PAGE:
Local farmers play an essential role in keeping our communities fed and thriving. While individuals can readily buy freshly harvested items from farmers at the farmers market, options for accessing local food are expanding. Increasingly, families can find it in local grocery stores, restaurants, and schools.
The local and regional food systems that support this network of local producers, retailers, and consumers are receiving growing recognition and support for their unique value add every time we experience a global supply chain disruption (such as the war in Ukraine, the COVID-19 pandemic, and climate change). In one recent example, President Biden issued an executive order to strengthen supply chains, and with funding authorized under the American Rescue Plan Act, USDA’s Agricultural Marketing Service (AMS) began making unique investments to strengthen supply chains by building on existing partnerships and initiatives and prioritizing resources where they are needed most. Earlier this year, AMS announced the selection of the twelve new Regional Food Business Centers (Centers) that will have three primary responsibilities:
- Collaborate with a wide range of regional partners and stakeholders to develop a strategic plan for the Center’s region, coordinate existing initiatives, and develop new opportunities to support a more resilient and competitive food system.
- Provide business technical assistance across the supply chain – to producers, processors, aggregators, and distributors – with an emphasis on small- and mid-sized businesses to increase their participation in the regional food system.
- Deploy “business builder” grants to support businesses in building their capacity or expanding their business.
Regional Food Business Center Structure
In May of this year, USDA initiated cooperative agreements with twelve organizations that will lead the operation of their respective regional center, managing project activities and coordinating with a team for planning and implementation. Each Center will cover a distinct geographic area that expands across multiple states or territories, or in the case of the National Intertribal Center the entire nation. USDA AMS staff will be assigned to the Centers to ensure USDA funding opportunities and resources are actively shared out and learnings from the ground are shared back with national programmatic staff. While the Centers will not have a physical location, they will develop online platforms that can be a place for businesses to get information as well as promote connections across the supply chain.
While each Center has one distinct organizational lead, they are led by a wide range of partners that include formal entities like state agencies, institutions of higher education, nonprofit organizations, economic development corporations, and networks of stakeholders such as producer networks or associations, and local food councils.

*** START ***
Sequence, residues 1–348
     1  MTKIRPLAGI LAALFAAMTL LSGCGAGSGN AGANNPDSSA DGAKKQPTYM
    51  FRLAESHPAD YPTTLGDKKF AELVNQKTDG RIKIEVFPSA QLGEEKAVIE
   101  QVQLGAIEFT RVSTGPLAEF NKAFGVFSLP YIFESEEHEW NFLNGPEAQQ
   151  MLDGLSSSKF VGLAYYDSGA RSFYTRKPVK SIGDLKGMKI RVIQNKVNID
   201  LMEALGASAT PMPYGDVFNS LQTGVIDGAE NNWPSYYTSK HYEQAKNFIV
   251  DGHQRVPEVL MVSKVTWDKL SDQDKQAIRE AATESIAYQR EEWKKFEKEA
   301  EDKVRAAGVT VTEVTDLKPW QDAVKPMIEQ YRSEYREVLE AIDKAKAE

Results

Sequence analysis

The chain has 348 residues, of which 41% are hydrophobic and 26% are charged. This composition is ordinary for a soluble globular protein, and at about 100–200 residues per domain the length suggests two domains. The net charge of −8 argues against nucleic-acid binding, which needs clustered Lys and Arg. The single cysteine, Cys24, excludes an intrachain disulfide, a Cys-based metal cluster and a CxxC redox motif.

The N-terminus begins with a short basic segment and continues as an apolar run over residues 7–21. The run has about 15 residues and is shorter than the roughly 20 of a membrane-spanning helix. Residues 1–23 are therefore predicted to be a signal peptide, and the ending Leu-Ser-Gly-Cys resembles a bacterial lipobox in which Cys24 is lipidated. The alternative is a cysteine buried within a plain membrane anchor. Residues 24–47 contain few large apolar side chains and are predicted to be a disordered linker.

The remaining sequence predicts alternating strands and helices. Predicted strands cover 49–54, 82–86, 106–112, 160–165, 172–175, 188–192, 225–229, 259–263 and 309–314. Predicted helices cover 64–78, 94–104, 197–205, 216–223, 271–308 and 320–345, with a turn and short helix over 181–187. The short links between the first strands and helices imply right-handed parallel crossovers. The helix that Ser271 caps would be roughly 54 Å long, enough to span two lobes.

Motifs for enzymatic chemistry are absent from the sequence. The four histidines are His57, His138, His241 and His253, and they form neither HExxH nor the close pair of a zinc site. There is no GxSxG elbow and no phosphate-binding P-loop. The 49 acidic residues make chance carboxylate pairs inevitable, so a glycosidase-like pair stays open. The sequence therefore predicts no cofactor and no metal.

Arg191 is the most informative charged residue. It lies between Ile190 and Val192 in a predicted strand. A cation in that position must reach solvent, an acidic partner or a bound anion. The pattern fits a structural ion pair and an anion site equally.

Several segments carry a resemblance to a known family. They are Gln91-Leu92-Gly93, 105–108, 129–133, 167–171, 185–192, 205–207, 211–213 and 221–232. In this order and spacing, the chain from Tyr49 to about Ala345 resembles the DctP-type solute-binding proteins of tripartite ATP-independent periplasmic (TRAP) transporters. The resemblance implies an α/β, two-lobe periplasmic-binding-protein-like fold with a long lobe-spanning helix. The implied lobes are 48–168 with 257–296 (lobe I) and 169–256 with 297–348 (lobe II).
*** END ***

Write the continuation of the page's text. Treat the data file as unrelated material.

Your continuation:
For example, Michigan State University’s Center for Regional Food Systems, an NSAC member, will lead the Great Lakes Midwest Center alongside four key partners – Chicago Food Policy Action Council, Northwest Indiana Food Council, Food Finance Institute, and the Menominee Indian Tribe (a partnership of several Indigenous tribes). Each of these partners will play a role in coordinating activities within their service areas, Michigan, Illinois, Indiana, and Wisconsin, respectively.
Rodger Cooley, the Executive Director of the Chicago Food Policy Action Council, an NSAC member, shared “the Centers will be a great opportunity to serve small-scale and underserved producers through technical assistance and connecting them to impactful USDA programming and resources like the Local Food Purchase Program, Local Food in Schools, and eventually the new Regional Food System Infrastructure grants that will be available in Illinois soon.” Rodger went on to share about how this initiative is unique from other USDA AMS grants noting that “the five year commitment is significant. We are able to hire someone focused solely on supporting farmers through the larger ecosystem and direct business builder grants to producers. We will be able to take our experience in this work to influence state level policy in Illinois while learning from the other states in the Center.”
Unique Regional Considerations
While the Regional Food Business Centers are tasked with providing business technical assistance, capacity building awards, and coordination of broader regional efforts, they will implement these initiatives considering unique regional agricultural and organizational assets and gaps within the food supply chain.
For example, The University of California Agriculture and Natural Resources was selected as the lead organization for the Southwest Center to serve California, Nevada, Utah, and Arizona. While this Center will provide services for a wide range of food and farm businesses in the region, they will dedicate specific attention to serving the predominantly rural Colonias communities to advance business development for socially disadvantaged producers in these often underserved areas.